The government on Tuesday rejected suggestions that tax notices to Foreign Institutional Investors (FIIs), which have created a controversy, amounted to retrospective taxation.
Sources in the government said the notices to foreign institutional and portfolio investors are a genuine demand and cannot be compared with retrospective taxation. Ads by ZINC
It is one thing to talk about retrospective taxation and complain about it. It is another seeking retrospective exemption from what has to be legitimately paid to the exchequer, the sources said.
They maintained the current demand of 20 per cent minimum alternate tax (MAT) on capital gains made by the foreign investors is what is genuinely due to the government. They were referring to reported apprehensions among foreign investors that the government was creating a new tax demand using retrospective tax legislation which they fear would deter foreign investment.
The Income Tax department has won cases in tribunals (Authority of Advanced Ruling) on levy of MAT on capital gains made by FIIs. If we do not demand tax now, then we could be hauled up authorities like CAG and CBI, the sources said. Otherwise, the exchequer, they said, would have lost out on genuine tax revenue due.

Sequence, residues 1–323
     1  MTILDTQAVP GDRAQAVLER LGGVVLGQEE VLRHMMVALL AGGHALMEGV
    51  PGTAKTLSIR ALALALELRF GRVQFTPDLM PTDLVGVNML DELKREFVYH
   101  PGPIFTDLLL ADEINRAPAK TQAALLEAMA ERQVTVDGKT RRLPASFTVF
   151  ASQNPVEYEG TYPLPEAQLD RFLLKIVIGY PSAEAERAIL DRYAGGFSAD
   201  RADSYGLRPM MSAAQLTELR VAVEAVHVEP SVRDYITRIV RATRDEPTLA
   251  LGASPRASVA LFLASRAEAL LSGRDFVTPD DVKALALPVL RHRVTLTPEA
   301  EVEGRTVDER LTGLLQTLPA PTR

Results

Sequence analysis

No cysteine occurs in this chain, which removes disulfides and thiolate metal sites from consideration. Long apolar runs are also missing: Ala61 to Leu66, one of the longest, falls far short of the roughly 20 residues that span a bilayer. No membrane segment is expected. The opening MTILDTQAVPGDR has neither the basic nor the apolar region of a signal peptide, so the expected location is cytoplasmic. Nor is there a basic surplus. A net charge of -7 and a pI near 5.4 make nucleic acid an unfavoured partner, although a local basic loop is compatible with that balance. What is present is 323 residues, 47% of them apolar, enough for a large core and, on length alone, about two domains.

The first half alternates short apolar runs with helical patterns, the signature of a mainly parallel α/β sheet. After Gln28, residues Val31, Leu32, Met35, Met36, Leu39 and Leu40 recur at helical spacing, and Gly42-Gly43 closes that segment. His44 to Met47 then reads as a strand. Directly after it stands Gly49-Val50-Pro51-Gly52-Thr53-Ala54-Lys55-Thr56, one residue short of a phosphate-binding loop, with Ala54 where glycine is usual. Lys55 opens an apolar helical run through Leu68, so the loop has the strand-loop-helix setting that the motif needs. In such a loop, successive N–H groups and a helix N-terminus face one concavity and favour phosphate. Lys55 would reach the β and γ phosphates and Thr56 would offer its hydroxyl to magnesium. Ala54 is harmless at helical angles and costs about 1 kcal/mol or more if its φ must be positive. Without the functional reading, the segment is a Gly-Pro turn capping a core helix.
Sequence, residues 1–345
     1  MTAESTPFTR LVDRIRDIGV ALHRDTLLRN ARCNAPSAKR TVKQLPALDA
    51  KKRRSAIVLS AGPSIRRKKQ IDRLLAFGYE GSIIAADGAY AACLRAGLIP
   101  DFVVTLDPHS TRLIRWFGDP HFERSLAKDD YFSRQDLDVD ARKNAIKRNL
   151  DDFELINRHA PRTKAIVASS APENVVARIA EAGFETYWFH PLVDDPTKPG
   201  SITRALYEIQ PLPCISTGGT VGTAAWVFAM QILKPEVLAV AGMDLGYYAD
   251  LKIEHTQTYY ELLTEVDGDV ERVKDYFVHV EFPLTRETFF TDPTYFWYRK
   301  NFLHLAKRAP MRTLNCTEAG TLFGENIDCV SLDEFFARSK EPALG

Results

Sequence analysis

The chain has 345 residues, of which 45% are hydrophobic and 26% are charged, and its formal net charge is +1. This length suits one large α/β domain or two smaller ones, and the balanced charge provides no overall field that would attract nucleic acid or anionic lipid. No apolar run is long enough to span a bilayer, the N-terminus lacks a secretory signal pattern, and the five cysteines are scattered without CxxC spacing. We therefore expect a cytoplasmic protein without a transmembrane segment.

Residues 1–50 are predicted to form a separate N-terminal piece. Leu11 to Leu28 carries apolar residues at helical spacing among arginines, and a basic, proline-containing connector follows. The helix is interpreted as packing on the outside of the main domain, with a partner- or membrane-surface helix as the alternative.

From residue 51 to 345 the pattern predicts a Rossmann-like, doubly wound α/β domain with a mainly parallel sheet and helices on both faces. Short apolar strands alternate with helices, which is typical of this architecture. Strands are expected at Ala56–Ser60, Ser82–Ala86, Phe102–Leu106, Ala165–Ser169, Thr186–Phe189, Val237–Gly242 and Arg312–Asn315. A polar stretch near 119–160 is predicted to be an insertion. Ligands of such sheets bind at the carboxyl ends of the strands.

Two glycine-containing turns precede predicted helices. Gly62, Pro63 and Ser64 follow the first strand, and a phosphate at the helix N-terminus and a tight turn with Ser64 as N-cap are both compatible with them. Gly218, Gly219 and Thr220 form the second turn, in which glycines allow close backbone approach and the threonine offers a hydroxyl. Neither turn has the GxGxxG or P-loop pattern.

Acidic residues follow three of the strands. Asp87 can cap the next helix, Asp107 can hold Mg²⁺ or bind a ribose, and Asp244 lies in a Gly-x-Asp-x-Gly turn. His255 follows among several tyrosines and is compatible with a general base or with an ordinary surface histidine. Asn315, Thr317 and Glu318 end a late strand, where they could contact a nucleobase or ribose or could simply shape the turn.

On Monday, Finance Minister Arun Jaitley had sought to defend the notices saying legitimate tax demand cannot be considered "tax terrorism" because India is not a tax haven.
"India is not so vulnerable that every legitimate tax demand is considered as tax terrorism ... we are not a tax haven and we don't intend to be one," he had said. "Taxes which are payable must be paid. Taxes which are not payable must not be paid. They should be challenged...but taxes which are payable must be paid," he said, adding "Our fairness has been partly misunderstood. The converse of tax terrorism is not a tax haven."
Stating that some decisions of the past have made the taxation regime adversarial, he had said, "an emerging economy that expects investment cannot indulge in what has been referred to as tax terrorism or very aggressive tax laws".
"But our fairness has been fairly misunderstood. The converse of tax terrorism is not a tax haven. If I read the front page of some newspapers, it is the impression that I get," he said referring to tax demand notices on FIIs.
Commenting on the tax notices, Revenue Secretary Shaktikanta Das said, "I think what FIIs and FPIs are asking is retrospective exemption and not retrospective application of a tax law. Because MAT was leviable on them, therefore these assessments, these demands have been raised."
He said some Foreign Portfolio Investors (FPIs) and Foreign Institutional Investors (FIIs) had gone to the Authority of Advance Ruling (AAR) which ruled that MAT was applicable.